I HATE the idea that there is some formula that will yield a great story. Sure, there are blueprints out there that will allow you to make a story. And, depending on your talent with the actual language, it may even be a pretty good story. But the idea that there is some “great story” rubric out there, in the ether? Well, that whole thing pisses me off mightily. And not because it systematizes art in a distinctly capitalist mode, but because that stupid idea crushes so many would-be writers who spend days/months/years comparing themselves to Checkov/O’Connor/Saunders and feel they just can’t ever “get it right.”
So say it with me: There is no magical “right way” to write a story.
However, there is a right way to write each story.
But it’s true. Each individual story creates its own “rules” in collaboration with the individual writer working on it. In other words, if you and I were to write the “same” story, each of us would discover our own “right way” to tell it through our personal engagement with the work itself. In the writing, you unconsciously set up and agree to certain rules that come from your own reaction to the material you are discovering. And it’s a real chicken-and-the-egg kinda’ thing, where what you discover leads you to make choices about rules that lead you to more discovery that may lead to altering the rules and so on.
Let me offer a micro-example of this kind of “formula” on the page, and maybe it will make more sense. I’m currently reading Manhattan Beach by Jennifer Egan. Early in the book, during Anna’s visit with the Styles children, this sentence appears:
Beyond the windows of an adjacent front room, the sea tingled under a
thin winter sun. (p. 5)
By itself, it isn’t a stunning sentence. It’s pretty, sure, and clear in its image, but something about it rang in my brain. After thinking about it for far too long, I realized that it was the word “adjacent,” a bummer of a word if ever there was one. We say that specificity in writing is important, but I think what we really mean is clarity. “Adjacent” is an extremely specific word, but it takes a LOT of work to make it sexy. Even with its fun D-into-J sound, you’d have to work your writing magic to make “adjacent” the centerpiece of a sentence.
So why does Egan, who knows her way around language, use “adjacent” here? The answer, I think, lies in the second half of the sentence.
“…the sea tingled under a thin winter sun.” Now, let’s give credit where credit is due. If “adjacent” is a dud, the back half of the sentence does all kinds of awesome things sonically. Sea and sun give you those sibilants at the beginning and end of the phrase, anchoring you. Tingled, thin, and winter have that -in- sound, and tingled and winter also give you the hard T sound. Under and sun rock the -un-. There’s even the -th- repetition in the and thin. It’s a compact little nugget of sonic joy that really hinges on the creative use of “tingled” as a reaction of the sea to the sun.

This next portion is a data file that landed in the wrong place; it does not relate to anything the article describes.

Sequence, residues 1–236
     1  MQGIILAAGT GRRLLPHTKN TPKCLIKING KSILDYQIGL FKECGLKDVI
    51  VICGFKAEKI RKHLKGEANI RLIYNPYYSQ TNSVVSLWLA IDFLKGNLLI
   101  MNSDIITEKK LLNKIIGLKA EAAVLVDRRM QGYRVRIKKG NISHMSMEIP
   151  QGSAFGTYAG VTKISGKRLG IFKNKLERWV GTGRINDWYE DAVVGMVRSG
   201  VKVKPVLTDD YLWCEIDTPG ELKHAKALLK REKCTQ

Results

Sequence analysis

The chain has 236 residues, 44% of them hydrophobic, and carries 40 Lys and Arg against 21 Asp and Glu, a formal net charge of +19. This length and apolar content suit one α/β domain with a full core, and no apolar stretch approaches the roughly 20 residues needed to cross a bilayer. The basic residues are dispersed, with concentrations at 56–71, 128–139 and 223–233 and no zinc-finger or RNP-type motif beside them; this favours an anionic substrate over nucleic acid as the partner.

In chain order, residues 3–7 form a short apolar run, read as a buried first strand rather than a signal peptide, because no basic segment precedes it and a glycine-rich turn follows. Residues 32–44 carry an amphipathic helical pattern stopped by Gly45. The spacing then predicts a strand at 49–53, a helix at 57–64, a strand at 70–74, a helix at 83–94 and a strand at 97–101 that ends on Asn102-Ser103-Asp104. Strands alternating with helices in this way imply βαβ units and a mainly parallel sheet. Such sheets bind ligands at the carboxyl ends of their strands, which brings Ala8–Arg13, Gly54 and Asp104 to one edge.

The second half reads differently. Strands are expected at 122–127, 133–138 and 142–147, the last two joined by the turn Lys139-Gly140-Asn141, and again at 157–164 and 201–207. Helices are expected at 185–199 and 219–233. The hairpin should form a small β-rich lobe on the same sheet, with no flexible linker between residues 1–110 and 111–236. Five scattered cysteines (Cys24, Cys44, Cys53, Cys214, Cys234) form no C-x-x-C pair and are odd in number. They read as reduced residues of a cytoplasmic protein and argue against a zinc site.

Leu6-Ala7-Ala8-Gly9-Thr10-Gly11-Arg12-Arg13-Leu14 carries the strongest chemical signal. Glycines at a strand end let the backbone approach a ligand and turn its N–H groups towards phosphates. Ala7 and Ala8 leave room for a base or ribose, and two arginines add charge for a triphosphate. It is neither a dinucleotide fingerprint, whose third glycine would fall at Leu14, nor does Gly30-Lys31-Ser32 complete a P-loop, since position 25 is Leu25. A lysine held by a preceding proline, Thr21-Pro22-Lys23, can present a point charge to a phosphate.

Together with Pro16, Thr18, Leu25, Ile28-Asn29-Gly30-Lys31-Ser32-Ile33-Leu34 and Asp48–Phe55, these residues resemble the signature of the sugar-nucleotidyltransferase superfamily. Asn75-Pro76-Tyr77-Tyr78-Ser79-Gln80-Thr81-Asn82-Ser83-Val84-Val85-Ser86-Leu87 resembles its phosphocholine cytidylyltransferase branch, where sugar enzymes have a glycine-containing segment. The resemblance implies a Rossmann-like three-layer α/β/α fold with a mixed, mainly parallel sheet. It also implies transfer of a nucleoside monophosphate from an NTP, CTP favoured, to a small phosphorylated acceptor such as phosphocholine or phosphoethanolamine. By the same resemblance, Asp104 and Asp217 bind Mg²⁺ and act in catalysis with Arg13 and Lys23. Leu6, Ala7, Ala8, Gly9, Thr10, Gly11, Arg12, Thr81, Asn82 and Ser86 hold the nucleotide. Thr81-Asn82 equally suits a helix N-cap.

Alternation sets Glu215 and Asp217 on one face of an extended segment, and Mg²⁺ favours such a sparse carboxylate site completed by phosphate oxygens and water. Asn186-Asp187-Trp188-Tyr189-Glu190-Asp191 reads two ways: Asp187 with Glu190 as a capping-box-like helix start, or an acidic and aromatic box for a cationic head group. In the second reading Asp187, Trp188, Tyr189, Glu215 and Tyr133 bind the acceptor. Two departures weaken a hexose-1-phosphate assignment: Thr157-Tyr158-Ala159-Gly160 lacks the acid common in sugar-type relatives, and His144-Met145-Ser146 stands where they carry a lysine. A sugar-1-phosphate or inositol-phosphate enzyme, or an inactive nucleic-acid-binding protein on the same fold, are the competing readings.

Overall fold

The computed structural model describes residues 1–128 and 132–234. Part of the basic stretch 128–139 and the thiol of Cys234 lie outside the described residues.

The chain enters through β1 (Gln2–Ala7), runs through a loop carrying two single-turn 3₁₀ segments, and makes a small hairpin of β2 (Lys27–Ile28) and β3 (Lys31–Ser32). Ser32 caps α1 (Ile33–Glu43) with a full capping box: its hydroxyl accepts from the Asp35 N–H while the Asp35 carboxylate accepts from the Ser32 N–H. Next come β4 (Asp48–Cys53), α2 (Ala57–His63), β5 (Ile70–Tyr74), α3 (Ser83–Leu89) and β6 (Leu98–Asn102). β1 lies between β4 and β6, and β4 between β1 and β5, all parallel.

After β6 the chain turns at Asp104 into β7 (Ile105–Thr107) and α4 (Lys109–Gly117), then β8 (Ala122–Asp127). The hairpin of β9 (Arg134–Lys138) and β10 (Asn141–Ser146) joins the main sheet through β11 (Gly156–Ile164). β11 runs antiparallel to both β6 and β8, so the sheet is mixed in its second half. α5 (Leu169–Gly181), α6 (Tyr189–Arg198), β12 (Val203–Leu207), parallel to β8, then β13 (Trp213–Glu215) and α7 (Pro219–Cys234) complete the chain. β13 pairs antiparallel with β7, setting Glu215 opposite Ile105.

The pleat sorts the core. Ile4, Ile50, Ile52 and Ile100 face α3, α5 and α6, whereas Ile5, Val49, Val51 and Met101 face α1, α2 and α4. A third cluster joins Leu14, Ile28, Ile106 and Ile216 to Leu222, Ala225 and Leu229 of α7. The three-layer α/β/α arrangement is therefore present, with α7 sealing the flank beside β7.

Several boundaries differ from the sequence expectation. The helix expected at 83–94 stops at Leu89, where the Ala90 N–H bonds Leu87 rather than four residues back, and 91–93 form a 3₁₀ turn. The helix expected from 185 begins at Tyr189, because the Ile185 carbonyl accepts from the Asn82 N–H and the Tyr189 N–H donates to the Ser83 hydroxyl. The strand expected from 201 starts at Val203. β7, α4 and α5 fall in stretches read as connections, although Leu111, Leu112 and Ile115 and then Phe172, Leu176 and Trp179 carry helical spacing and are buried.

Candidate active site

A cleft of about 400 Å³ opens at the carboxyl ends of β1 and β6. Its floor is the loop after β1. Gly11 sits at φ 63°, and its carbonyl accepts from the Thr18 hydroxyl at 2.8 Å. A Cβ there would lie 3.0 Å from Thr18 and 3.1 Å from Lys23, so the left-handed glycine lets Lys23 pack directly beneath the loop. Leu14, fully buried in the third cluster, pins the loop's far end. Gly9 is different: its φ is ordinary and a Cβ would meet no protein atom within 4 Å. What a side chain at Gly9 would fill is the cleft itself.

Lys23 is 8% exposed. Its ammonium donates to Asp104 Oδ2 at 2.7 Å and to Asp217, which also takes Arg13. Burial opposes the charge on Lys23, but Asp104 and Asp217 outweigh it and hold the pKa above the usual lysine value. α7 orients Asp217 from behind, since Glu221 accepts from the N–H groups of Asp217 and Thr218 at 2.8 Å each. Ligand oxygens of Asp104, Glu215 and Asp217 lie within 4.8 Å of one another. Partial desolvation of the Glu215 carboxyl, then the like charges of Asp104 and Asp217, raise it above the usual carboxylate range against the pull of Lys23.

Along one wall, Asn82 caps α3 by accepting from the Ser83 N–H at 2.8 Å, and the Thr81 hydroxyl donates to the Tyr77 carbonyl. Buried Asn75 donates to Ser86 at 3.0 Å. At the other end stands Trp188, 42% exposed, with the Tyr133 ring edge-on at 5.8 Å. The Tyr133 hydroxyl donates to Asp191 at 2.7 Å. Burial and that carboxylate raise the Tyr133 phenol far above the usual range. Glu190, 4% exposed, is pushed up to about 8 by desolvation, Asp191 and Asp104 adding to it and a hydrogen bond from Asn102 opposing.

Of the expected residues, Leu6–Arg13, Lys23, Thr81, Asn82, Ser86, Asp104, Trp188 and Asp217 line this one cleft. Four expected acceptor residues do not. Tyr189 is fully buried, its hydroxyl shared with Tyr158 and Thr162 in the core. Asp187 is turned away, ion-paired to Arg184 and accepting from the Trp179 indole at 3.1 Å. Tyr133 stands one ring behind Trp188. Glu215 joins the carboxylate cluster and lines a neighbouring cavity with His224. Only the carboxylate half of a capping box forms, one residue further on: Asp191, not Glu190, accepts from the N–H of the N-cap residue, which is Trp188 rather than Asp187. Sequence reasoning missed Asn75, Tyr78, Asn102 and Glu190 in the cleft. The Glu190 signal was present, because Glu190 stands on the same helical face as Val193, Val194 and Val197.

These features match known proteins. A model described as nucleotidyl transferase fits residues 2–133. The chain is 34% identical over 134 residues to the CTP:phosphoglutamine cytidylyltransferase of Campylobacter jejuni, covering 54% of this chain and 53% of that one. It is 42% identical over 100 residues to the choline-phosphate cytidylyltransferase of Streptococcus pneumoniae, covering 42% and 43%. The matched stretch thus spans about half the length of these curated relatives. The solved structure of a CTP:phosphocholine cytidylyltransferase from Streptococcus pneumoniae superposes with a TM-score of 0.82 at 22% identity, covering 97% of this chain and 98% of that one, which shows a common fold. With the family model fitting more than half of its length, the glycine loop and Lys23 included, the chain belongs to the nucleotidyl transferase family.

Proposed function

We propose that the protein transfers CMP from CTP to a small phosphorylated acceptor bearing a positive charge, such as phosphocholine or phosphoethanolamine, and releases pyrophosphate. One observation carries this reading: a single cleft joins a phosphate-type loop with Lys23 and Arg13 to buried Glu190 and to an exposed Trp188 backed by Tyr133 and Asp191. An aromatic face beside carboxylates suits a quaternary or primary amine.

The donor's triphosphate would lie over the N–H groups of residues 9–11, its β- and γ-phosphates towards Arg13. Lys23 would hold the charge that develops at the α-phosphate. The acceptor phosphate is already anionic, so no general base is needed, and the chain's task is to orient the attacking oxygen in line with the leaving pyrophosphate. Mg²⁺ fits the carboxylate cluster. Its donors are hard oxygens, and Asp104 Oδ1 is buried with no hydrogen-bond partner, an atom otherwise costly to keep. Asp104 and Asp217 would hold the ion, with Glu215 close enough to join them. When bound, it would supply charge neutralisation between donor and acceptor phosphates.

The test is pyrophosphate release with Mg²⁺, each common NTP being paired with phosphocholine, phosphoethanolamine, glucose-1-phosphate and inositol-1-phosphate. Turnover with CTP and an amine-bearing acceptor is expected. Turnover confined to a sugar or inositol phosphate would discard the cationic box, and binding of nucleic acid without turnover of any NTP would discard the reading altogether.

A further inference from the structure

And it’s almost too much. Even divorced from the language around it, it’s jam-packed with intention. When you take it in context, it sticks out like a sore thumb: There is little else in the first few pages that reaches for that kind of sound/image.
So, Egan applies a little “adjacent” beforehand in order to soften the impact of that final phrase. I’d argue that “Beyond” has a similar effect to “adjacent” without being quite as awkward, creating a cumulative effect in the first half of the sentence that at once both diminishes and heightens the second half. It lowers the reader’s expectations so that the musicality of the back half is a pleasant surprise, not at all over the top.
So what does this little gem of a sentence have to do with the idea of making our own rules as we go? Well, there were approximately one million and forty-thousand ways (± 1,040,000) Egan could have pulled off this same sentence. However, from inside the work itself, through her engagement with both what she had already written and what she intended to write, she settled on this approach. She created her own math, the calculus of a great sentence for this passage, this chapter, this section, this book, etc.
Egan’s math may not work for you. It may do the trick nicely. It may simply suggest some ways your own calculus can and will shake out. But, remember, fellow writer, that her way is only the right way for her while writing this particular story. She may never use this particular math equation again. Just like you and me, she may well have to discover all-new math, exciting formulas, and ridiculous tricks the next time she sets out to write.
Paying attention to your process is almost as important, early in a work, as paying attention to the words on the page. It is through this attention to our own engagement with the story we’re telling that these rules are revealed/created.